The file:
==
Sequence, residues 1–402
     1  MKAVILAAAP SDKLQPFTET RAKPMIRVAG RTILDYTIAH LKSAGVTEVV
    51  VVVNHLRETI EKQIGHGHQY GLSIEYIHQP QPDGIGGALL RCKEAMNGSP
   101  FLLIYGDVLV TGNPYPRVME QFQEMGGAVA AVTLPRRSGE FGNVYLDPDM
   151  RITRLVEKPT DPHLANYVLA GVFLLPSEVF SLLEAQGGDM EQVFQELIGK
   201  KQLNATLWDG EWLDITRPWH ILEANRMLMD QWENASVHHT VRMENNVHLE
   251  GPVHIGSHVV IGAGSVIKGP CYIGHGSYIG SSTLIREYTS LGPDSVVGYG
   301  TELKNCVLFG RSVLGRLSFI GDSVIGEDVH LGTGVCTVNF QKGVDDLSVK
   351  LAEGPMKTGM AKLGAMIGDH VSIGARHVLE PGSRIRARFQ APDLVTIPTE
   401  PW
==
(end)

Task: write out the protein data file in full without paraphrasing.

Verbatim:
Sequence, residues 1–402
     1  MKAVILAAAP SDKLQPFTET RAKPMIRVAG RTILDYTIAH LKSAGVTEVV
    51  VVVNHLRETI EKQIGHGHQY GLSIEYIHQP QPDGIGGALL RCKEAMNGSP
   101  FLLIYGDVLV TGNPYPRVME QFQEMGGAVA AVTLPRRSGE FGNVYLDPDM
   151  RITRLVEKPT DPHLANYVLA GVFLLPSEVF SLLEAQGGDM EQVFQELIGK
   201  KQLNATLWDG EWLDITRPWH ILEANRMLMD QWENASVHHT VRMENNVHLE
   251  GPVHIGSHVV IGAGSVIKGP CYIGHGSYIG SSTLIREYTS LGPDSVVGYG
   301  TELKNCVLFG RSVLGRLSFI GDSVIGEDVH LGTGVCTVNF QKGVDDLSVK
   351  LAEGPMKTGM AKLGAMIGDH VSIGARHVLE PGSRIRARFQ APDLVTIPTE
   401  PW